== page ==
2. (Background Note; Document A, paras [1]-[2])
a. According to the Court in Flanagan, who are the parties to the bombing of the U.S.S. Cole, and what are the relationships between the parties?b. Could the relationship between Sudan and al Qaeda, as described by the court, change the classification of the conflict? If so, how? (GC I-IV, Art. 2; GC III, Art. 4; CIHL, Rule 4, 149; ICJ, Nicaragua v. United States, paras 80 – 122; ICTY, The Prosecutor v. Tadić, paras 87 – 145; ICJ, Bosnia and Herzegovina v. Serbia and Montenegro, paras 396 - 407)c. Do the facts presented establish that Sudan was a party to the armed conflict? Why or why not? (GC I-IV, Art. 2; GC III, Art. 4; CIHL, Rule 4, 149; ICJ, Nicaragua v. United States, paras 80 – 122; ICTY, The Prosecutor v. Tadić, paras 87 – 145; ICJ, Bosnia and Herzegovina v. Serbia and Montenegro, paras 396 - 407)d. How would you classify the conflict? (GC I-IV, Arts. 2 and 3)
3. (Document A, paras [1]-[2]; Document B, paras [1]-[8])
a. Does the bombing of the U.S.S. Cole qualify as an act of naval warfare? (GC II, Art. 4; San Remo Manual on International Law Applicable to Armed Conflicts at Sea, 12 June 1994, Art. 10)b. What laws apply if the conflict is an IAC? (GC I-IV, Art. 2; GC II, Art. 4; San Remo Manual, Arts. 1, 10)c. Do laws of naval warfare apply in NIACs? Why or why not and how?  What laws apply if the situation is a NIAC? (GC II, Art. 3; San Remo Manual, Arts. 1, 10)d. What laws apply in this situation? (GC II, Art. 3; San Remo Manual, Arts. 1, 10)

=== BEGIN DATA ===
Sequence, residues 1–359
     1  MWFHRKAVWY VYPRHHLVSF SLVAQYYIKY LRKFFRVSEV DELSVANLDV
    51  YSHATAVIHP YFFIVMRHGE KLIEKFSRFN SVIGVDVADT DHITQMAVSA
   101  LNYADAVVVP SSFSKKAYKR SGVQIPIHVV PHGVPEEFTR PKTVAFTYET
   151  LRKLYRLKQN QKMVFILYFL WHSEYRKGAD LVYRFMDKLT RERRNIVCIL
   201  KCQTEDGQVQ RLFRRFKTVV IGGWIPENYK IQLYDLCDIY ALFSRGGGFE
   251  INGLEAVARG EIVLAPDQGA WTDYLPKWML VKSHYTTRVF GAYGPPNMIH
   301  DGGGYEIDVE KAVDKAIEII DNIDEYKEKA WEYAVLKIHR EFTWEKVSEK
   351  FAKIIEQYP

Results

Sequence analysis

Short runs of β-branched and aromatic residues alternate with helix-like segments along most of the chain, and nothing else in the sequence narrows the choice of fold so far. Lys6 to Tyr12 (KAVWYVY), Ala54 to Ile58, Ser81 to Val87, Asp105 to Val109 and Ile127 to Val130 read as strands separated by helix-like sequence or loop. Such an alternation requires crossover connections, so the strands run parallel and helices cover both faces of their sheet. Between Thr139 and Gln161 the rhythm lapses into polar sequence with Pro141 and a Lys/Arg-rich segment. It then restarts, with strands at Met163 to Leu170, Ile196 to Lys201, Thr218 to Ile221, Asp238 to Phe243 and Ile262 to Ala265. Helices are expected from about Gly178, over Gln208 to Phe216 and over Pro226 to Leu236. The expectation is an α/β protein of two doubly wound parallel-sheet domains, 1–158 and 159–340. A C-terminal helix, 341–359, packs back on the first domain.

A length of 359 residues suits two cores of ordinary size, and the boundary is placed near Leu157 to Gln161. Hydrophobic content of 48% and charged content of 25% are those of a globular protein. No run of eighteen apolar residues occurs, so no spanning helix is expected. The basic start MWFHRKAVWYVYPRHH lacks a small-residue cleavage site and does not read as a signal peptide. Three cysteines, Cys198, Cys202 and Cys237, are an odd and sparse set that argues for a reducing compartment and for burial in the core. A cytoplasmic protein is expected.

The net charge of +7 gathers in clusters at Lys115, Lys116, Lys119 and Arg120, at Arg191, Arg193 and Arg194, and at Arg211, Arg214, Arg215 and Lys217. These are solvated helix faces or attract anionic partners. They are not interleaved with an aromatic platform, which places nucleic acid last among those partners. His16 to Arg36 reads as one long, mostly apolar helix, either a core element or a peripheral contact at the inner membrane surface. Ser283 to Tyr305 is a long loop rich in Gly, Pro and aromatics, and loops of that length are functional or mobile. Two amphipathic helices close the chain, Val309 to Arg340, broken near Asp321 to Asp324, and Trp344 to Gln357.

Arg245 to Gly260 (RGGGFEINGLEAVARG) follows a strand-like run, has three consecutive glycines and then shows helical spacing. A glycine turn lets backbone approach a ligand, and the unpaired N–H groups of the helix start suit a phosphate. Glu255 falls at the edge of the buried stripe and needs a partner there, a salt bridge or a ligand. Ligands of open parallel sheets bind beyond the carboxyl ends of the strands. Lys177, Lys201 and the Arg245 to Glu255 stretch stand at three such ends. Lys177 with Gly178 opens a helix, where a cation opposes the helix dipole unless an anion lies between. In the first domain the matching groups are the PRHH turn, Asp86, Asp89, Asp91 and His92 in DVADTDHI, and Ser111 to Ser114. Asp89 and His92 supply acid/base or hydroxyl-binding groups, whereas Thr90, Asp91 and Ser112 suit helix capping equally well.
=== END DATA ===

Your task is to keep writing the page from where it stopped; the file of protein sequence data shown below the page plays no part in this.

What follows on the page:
II.        Treatment of Persons
4. (Document A, para [1]; Document B, paras [1]-[9])
a. Who do the plaintiffs in Flanagan et al. represent? How do you classify those victims, and are those victims protected from attack? (GC II, Art. 3; CIHL, Rules 1, 3, 4)b. How does the court classify Al-Nashiri? How do you classify Al-Nashiri? (GC I-IV, Art. 3; GC III, Art. 4; GC IV, Art. 4; CIHL, Rules 3, 5 and 6)
5. (Document A, paras [2]-[10])